Except for a contingent on the far left, local companies, major firms and multinational corporations are revered. CEOs are venerated as job creators. The decisions filtering down about wages, benefits, and work environment are justified through the gospel of the free market.
But we need to be skeptical of our relationship to businesses.
Tributes and sacrifices
We all know about efforts made by local and state governments to court business. They are like "tributes." But the scale of these tributes can be mind-boggling. Consider Amazon. Good Jobs First has been tracking subsidies — grants and tax incentives — Amazon receives yearly. According to the nonprofit, Amazon has received over $4.1 billion in subsidies since 2000. One could imagine tax breaks for a smaller, or emergent, company. But Amazon recorded revenues of $280 billion last year. It is No. 2 on the Fortune 500 list (behind Walmart). Yet the tributes keep coming. The company has gotten $650 million in tax breaks from local and state governments this year.
There's no reason subsidies shouldn't go to a profitable company instead of an emergent one. If one sees subsidies as investment, it makes sense to give a tribute to Amazon. But what Amazon gives in return are modest wages to warehouse workers and delivery drivers plus horrible working conditions. On March 17, an Amazon warehouse worker testified at a Senate Budget Committee hearing about her warehouse's "grueling" working conditions in Bessemer, Alabama.
Maybe the tributes are more like sacrifices, and meager blessings are given in return for taking the heart out of a tax base.
It goes on. We are currently in a worker shortage crisis. According to the US Chamber of Commerce, the number of job openings surpassed the number of job-seekers in July. That month, the US had 10.9 million job openings, an all-time high (the latest Bureau of Labor Statistics report estimated 10.4 million job openings at the end of August).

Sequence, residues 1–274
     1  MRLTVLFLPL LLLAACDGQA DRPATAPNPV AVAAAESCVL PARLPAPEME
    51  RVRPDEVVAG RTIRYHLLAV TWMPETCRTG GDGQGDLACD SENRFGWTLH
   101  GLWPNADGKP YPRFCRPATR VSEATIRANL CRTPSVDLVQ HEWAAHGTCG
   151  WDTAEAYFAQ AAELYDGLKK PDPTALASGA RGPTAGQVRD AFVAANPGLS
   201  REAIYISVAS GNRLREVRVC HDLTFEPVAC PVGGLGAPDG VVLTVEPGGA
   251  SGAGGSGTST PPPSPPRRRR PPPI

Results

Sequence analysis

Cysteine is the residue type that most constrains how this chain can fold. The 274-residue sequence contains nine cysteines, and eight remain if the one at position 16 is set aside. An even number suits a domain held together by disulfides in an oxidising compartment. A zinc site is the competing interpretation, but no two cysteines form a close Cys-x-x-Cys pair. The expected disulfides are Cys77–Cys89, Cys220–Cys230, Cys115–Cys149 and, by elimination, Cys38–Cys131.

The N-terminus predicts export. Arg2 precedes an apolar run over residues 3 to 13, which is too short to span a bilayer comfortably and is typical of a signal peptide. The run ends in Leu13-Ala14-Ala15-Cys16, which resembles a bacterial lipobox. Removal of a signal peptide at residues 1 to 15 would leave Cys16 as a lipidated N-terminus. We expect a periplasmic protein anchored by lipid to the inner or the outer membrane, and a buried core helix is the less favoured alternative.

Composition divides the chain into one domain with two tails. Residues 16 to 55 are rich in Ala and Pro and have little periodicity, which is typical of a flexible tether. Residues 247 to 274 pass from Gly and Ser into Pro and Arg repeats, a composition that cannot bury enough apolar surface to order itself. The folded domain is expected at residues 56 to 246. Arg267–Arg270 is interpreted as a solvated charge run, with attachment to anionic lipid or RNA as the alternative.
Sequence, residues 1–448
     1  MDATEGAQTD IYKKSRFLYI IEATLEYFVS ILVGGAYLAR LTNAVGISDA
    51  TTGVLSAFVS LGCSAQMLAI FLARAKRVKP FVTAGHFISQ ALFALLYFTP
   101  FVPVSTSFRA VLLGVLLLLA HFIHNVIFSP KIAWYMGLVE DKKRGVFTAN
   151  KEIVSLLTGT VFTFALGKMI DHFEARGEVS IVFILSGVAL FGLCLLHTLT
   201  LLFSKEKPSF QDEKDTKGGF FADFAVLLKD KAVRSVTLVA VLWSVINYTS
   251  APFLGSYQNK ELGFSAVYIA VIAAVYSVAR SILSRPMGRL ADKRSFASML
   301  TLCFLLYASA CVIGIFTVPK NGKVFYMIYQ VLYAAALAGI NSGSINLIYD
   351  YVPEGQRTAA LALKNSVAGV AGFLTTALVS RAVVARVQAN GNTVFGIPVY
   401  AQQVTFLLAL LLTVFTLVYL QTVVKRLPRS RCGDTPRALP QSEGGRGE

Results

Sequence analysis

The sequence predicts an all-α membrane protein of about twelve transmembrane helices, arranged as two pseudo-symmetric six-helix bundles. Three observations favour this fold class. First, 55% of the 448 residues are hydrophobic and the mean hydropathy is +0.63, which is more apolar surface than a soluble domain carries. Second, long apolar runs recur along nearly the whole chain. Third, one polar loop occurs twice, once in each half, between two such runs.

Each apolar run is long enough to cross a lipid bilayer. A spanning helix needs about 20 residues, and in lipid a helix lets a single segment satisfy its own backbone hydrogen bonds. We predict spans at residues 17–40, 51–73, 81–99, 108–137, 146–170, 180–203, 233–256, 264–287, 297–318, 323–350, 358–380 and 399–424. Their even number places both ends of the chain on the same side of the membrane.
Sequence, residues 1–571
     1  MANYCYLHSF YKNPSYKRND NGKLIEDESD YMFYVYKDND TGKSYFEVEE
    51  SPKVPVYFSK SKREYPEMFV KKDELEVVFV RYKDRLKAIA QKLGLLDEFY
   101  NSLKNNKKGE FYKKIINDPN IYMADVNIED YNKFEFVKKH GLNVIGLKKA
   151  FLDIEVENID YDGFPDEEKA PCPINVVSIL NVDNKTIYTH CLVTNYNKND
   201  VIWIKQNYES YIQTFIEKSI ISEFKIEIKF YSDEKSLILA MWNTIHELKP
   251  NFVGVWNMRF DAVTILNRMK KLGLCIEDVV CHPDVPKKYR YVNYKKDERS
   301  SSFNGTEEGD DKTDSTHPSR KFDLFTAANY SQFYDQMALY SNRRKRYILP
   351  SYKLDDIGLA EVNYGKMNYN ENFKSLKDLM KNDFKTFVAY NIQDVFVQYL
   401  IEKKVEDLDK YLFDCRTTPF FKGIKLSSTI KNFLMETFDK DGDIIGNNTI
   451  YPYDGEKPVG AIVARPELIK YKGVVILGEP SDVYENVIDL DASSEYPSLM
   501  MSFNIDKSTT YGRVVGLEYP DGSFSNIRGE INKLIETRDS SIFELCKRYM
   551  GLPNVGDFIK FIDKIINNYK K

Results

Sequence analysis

One interpretation of this is that the COVID relief benefits have dampened interest in working. Fox News Business asked in a recent story, "Are unemployment benefits the new welfare?" Quoting from a research fellow at the conservative Foundation for Government Accountability, the story claims: "Unfortunately, due to the recent COVID-19-related changes, unemployment insurance has been morphed into more of a long-term benefits program."
Yes, many people decided to receive COVID benefits instead of seeking low-paid employment. The "unemployment as welfare" line of reasoning ignores the responsibility of employers to employees. It assumes that if an employer "graces" us with a job offer, we should accept, regardless of how much it pays or the quality of work conditions. Businesses give us what we need, not always what we want. We should be thankful for what we have received.
A great awakening
Around 2015, my university decided to offer a degree in cybersecurity. The nation had coalesced around a narrative that there was a shortage of cybersecurity professionals. Our nation's president at the time, Barack Obama, allocated money for institutions that began offering degrees in this field. Our governor at the time, Terry McAuliffe, doubled down with even more money. As a result of government funding and some bright, industrious academics and administrators, we now have a fantastic School of Cybersecurity at my university.
Around this time I stopped singing from the business hymnal. I was on the front lines of my university's program development. The extent to which we attempted to meet business needs was problematic.
We wanted course content reflecting what students would be doing on the job. We even hosted seminars during which we listened to what business leaders wanted from graduates. This was already a problem for me, because I don't see universities as job-training programs.